# Types of expenses Flashcards

1
Q

Type of expenses diagram

A
2
Q

Graph of fixed and variable costs

A
3
Q

Separating Fixed and Variable costs

A

It is important to be able to identify the amount of fixed and variable costs. Sometimes the information is given to you but sometimes it is not.
Where total costs are known for two levels of output, the amounts of fixed and variable costs can be worked out using the ‘high/low’ method

4
Q

Separating Fixed and Variable costs

Where total costs are known for two levels of output, the amounts of fixed and variable costs can be worked out using the ‘high/low’ method.

Example of High / Low method:
- At output of 1,000 units, total costs are £7,000
- At output of 2,000 units, total costs are £9,000.

What are the fixed costs?
What is the variable cost per unit?
(Note that this only works when the variable cost per unit is constant)

A

Variable cost per unit - £2000/1000 = £2.00

For 1,000 units:

Total cost = £7,000
Variable cost = 1,000 x £2 = 2,000
Fixed cost = 5,000

5
Q

Costing systems

Going to consider the situation in manufacturing where the cost
object is a product

What are the 2 types of costing systems?

A

Job-order costing:

• Assume that there are individual products or batches of products
• The products or batches incur different costs so that there is a need to keep track of each product or batch

Process-order costing:

• Used in industries where masses of the same product are produced in a flow process
6
Q

Cost assignment methods

What happens to direct costs vs indirect costs?

A
• Direct costs - Direct tracing to - Cost Objects
• Indirect costs - go under cost allocations to either: - cause and effect allocations (the more we purchase, the more the cost will increase) or - arbitrary allocations (like direct labour hours or machine hours)
7
Q

The number of units produced can be used to work out the

But this only works if there are static units produced which
are uniform.

In most manufacturing environments, that is not the case, so
another way to allocate overheads is either: (2)

1. Firstly, the overhead absorption rate (OAR) needs to be
found.
2. Then this can be applied to the units.
A

Arbitrary Allocations

• Based on direct labour hours or
• Based on machine hours
8
Q

OAR – Plant wide rate/blanket overhead rate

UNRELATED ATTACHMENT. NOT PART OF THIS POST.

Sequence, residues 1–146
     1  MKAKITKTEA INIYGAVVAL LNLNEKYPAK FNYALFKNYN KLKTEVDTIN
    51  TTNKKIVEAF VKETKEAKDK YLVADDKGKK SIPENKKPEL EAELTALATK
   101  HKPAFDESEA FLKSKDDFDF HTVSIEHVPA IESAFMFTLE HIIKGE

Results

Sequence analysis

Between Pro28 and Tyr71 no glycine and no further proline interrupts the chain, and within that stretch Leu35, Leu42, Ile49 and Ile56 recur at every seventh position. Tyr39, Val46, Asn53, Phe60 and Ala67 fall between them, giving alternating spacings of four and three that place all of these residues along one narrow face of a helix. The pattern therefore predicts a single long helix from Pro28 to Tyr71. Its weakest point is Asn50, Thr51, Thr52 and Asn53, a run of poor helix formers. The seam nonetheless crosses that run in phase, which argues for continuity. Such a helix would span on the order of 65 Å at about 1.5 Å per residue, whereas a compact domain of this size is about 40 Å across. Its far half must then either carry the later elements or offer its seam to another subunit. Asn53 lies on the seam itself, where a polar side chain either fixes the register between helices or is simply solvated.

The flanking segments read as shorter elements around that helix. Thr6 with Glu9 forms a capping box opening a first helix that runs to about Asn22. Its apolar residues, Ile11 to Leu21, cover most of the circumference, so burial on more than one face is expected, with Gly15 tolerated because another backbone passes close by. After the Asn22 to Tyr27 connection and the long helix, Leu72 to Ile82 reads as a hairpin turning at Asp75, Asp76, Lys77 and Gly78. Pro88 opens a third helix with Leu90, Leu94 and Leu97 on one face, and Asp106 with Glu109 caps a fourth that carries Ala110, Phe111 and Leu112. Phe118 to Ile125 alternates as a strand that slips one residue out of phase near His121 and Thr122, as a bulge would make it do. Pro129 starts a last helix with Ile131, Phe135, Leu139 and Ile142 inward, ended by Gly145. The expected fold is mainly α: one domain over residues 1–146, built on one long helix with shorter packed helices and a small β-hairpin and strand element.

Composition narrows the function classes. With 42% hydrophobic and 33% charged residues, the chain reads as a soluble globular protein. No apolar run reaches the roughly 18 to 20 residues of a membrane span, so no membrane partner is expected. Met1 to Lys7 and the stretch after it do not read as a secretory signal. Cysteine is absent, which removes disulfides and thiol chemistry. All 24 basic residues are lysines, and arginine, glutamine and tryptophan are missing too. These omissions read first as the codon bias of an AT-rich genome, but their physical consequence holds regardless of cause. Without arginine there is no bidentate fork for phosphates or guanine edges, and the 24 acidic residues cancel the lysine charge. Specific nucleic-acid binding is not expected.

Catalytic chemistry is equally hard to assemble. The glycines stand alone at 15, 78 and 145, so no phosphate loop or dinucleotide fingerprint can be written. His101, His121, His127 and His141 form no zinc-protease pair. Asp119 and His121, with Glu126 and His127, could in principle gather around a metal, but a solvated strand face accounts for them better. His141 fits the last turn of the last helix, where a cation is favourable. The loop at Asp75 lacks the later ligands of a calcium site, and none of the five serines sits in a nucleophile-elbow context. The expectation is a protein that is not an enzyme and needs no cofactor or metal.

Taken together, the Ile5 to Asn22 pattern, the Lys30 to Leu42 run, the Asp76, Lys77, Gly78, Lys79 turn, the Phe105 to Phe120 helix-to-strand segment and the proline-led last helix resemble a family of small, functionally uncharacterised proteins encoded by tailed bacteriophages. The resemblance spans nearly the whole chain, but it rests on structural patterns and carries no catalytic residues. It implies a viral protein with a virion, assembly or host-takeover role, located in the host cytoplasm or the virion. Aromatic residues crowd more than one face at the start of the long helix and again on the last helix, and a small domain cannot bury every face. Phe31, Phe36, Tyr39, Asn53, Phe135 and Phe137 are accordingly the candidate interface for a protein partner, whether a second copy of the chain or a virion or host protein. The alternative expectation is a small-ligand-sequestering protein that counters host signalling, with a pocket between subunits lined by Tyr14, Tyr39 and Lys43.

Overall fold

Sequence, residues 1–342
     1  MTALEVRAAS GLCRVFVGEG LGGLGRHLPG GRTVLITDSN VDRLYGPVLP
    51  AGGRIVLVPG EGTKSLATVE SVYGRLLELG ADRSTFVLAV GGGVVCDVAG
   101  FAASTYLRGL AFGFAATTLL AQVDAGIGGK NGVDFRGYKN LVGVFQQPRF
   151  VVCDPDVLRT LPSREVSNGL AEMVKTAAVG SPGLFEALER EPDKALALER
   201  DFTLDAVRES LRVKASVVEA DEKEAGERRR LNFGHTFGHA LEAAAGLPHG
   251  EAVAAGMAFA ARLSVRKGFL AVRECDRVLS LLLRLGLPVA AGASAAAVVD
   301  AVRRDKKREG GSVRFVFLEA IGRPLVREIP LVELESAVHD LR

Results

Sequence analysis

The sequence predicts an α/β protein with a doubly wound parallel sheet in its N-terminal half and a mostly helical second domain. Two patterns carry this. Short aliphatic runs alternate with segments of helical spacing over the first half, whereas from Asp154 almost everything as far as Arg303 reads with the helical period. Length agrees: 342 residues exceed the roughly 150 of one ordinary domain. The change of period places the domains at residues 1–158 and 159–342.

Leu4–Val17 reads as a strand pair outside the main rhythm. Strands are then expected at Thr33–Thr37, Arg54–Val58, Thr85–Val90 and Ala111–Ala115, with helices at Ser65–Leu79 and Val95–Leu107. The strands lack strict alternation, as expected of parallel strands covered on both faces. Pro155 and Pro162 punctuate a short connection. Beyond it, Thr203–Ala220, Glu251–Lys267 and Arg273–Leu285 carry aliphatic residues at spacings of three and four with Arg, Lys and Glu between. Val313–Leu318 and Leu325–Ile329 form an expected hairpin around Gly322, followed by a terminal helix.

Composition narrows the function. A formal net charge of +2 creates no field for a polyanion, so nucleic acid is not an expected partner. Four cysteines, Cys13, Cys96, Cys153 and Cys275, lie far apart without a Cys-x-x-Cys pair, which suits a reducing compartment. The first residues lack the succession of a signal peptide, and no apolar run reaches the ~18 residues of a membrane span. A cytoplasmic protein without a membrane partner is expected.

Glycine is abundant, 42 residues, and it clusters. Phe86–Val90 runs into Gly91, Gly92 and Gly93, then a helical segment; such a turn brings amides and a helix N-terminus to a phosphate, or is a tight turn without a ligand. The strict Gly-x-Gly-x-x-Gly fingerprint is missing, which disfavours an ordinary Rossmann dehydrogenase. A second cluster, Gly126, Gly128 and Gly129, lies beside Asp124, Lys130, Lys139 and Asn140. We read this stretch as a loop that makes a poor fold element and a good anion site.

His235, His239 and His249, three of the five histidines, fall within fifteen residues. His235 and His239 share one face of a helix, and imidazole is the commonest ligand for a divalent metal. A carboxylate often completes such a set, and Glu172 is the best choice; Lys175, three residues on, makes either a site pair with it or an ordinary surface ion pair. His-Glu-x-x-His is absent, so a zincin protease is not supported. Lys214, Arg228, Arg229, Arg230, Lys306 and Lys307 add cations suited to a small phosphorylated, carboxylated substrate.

This is the ___________ of all methods and applies overheads direct to a production department.

This method is only valid for more _______ businesses who do not
have _________ departments or _________ ________.

A

This is the simplest of all methods and applies overheads direct to a production department.

This method is only valid for more simple businesses who do not
have complex departments or multiple products.

• Simple to calculate,
• low cost to implement

• Arbitrary,
• simplistic,
• inaccurate
9
Q

OAR – 2 stage allocation process

This is a more complex method of allocating overheads.
Applies to both traditional methods and ABC systems

A

Stage 1

1. Assign all manufacturing overheads to production and
service centres
2. Reallocate the costs assigned to service cost centres to
production centres

Stage 2

1. Compute separate overhead rates for each production
cost centre
2. Assign cost centre overheads to cost objects
10
Q

What might be used as cost centres in a traditional costing system?

What might be used as an activity cost centre in an activity-based costing system?

A

What might be used as cost centres in a traditional costing system?

• Mattress line – border added
• Building section – where fillings are added, may include tufting and tape edging.
• Delivery

What might be used as an activity cost centre in an activity-based costing system?

• Steel frame
• Building bed – adding fillings
• Tufting
• Tape Edging
11
Q

OAR – ABC (Activity Based Costing)

This is a much more complex method of allocating overheads.

It identifies activities within a business and assigns costs based on those activities. (3)

A

Stage 1

1. Activities are divided into activity cost centres.
2. The total cost associated with each activity is allocated to
the relevant activity cost centre.

Stage 2

1. The total cost in each cost centre is then charged to output
using a cost driver.